U.S. negative equity rate falls

The national negative equity rate fell at its fastest pace ever in the third quarter, dropping to 21 percent of all homeowners with a mortgage, according to the third quarter Zillow Negative Equity Report. Roughly 10.8 million American homeowners remain underwater, owing more on their home than it is worth, down more than 4.9 million from the peak in the first quarter of 2012.

In the second quarter, the negative equity rate was 23.8 percent. The decline represents the largest quarter-over-quarter drop since Zillow began tracking negative equity in the second quarter of 2011. Approximately 1.4 million homeowners were freed in the third quarter from the second quarter, also a high. Roughly one-third of homes are owned without a mortgage. The negative equity rate among all homeowners, both with and without a mortgage, was 14.7 percent at the end of the third quarter, down from 16.7 percent in the second quarter.

But despite the improvements, more than one in five American homeowners with a mortgage remains underwater, a stubbornly high rate that is contributing to inventory shortages and holding back a full market recovery. The "effective" negative equity rate, which includes those homeowners with a mortgage with 20 percent or less equity in their homes, was 39.2 percent in the third quarter. Listing a home for sale and buying a new one generally requires equity of 20 percent or more to comfortably meet related expenses.

With the pace of home value appreciation slowing, the pace of negative equity improvement will also slow. The negative equity rate is expected to fall to 18.8 percent by the third quarter of 2014, according to the Zillow Negative Equity Forecast. And more than half of homeowners with negative equity (55.6 percent) are 20 percent or more underwater. According to the most recent Zillow Home Value Forecastiv, home values are expected to rise 3.8 percent in the next year. Assuming appreciation at that rate going forward, it would take a homeowner underwater by 20 percent roughly five years to reach positive equity.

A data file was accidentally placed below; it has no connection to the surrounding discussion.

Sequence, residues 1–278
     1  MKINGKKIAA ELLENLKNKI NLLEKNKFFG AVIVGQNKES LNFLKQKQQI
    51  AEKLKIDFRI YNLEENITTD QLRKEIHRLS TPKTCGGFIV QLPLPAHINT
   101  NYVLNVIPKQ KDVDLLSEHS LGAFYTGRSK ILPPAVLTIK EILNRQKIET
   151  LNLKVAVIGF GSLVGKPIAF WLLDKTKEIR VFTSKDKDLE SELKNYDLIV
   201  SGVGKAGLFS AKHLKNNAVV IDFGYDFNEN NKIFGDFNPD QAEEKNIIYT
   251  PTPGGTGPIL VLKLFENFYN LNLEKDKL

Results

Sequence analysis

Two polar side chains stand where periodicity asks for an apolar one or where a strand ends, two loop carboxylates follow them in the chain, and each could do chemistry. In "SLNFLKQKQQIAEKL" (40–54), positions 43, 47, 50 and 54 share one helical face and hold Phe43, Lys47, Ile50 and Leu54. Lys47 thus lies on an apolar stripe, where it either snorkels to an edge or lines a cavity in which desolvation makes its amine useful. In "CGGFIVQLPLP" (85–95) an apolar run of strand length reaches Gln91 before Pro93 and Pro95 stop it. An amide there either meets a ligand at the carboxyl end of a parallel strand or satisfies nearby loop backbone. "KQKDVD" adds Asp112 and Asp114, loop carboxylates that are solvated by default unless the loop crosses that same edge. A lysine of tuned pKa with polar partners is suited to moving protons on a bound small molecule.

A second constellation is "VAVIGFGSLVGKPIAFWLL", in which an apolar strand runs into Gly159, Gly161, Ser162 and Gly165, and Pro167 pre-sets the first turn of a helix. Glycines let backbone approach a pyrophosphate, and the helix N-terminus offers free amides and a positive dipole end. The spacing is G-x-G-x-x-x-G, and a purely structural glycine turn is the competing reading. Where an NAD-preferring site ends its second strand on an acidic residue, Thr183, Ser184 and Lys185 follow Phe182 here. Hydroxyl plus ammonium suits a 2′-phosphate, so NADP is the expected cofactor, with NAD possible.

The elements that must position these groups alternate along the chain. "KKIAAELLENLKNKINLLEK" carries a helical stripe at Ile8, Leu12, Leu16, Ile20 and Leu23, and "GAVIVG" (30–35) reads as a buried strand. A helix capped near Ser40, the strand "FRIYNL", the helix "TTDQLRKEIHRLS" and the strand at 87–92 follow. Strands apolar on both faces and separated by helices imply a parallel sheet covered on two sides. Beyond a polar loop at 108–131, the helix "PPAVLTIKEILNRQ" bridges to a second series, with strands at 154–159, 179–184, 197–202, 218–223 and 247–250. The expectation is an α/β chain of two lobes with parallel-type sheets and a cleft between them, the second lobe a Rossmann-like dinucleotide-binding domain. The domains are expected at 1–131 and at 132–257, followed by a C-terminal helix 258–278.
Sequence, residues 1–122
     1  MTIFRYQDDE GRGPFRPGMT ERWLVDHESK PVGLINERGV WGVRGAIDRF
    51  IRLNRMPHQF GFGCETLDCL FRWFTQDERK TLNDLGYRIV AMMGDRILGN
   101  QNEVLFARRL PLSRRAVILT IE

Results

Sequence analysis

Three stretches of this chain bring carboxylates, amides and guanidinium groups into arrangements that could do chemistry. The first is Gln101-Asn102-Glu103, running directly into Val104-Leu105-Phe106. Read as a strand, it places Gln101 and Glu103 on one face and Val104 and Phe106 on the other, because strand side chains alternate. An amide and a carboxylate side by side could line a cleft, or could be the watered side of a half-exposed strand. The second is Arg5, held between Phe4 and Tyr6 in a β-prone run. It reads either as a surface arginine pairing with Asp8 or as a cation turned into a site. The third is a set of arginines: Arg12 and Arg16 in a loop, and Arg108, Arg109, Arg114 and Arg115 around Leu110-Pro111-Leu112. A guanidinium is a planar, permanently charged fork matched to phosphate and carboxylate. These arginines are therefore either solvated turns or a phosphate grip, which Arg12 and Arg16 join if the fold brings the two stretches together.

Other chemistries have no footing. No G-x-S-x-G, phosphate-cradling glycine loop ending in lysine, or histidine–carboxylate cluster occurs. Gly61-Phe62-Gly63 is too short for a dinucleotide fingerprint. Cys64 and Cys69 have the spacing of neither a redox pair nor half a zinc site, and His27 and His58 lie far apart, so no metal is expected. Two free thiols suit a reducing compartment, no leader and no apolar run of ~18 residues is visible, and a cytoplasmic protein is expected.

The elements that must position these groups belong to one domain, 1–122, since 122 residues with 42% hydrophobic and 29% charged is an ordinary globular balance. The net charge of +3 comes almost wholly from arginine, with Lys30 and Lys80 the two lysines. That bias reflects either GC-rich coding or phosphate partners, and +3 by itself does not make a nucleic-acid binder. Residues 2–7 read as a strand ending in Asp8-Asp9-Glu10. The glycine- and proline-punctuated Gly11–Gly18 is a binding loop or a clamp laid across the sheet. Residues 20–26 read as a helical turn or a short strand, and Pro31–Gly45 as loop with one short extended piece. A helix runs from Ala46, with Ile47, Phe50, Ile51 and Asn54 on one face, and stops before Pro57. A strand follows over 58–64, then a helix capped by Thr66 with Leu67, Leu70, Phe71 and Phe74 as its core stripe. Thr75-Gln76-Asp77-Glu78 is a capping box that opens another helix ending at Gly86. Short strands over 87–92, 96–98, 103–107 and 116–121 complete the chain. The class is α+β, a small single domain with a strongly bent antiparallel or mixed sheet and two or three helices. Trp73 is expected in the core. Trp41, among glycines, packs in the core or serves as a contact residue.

"Rising home prices and a greater willingness among lenders to engage in short sales have both contributed substantially to the significant decline in negative equity this quarter. We should feel good that we're moving in the right direction and at a fast clip," said Zillow Chief Economist Dr. Stan Humphries. "But negative equity will remain a factor for years to come, and must be considered part of the new normal in the housing market. Short sales will remain a persistent feature of the market as many homeowners remain too far underwater for reasonable price appreciation alone to help."

Large metros with the highest negative equity rate in the third quarter were Las Vegas (39.6 percent), Atlanta (38.2 percent) and Orlando (34.2 percent). Among the 30 largest metro areas covered by Zillow, those with the greatest decline in the number of underwater homeowners since their peak include San Jose (-66.4 percent from peak), Denver (-63.3 percent from peak) and San Francisco (-59.6 percent from peak).

These results are from the third quarter edition of the Zillow Negative Equity Report, which looks at current outstanding loan amounts for individual owner-occupied homes and compares them to those homes' current estimated values. Loan data is provided by TransUnion, a global leader in credit and information management. This is the only report that uses current outstanding loan balances on all mortgages when calculating negative equity. Other reports estimate current outstanding loan balance based on the most recent loan on a property (i.e., the original loan amount at time of purchase or refinance).

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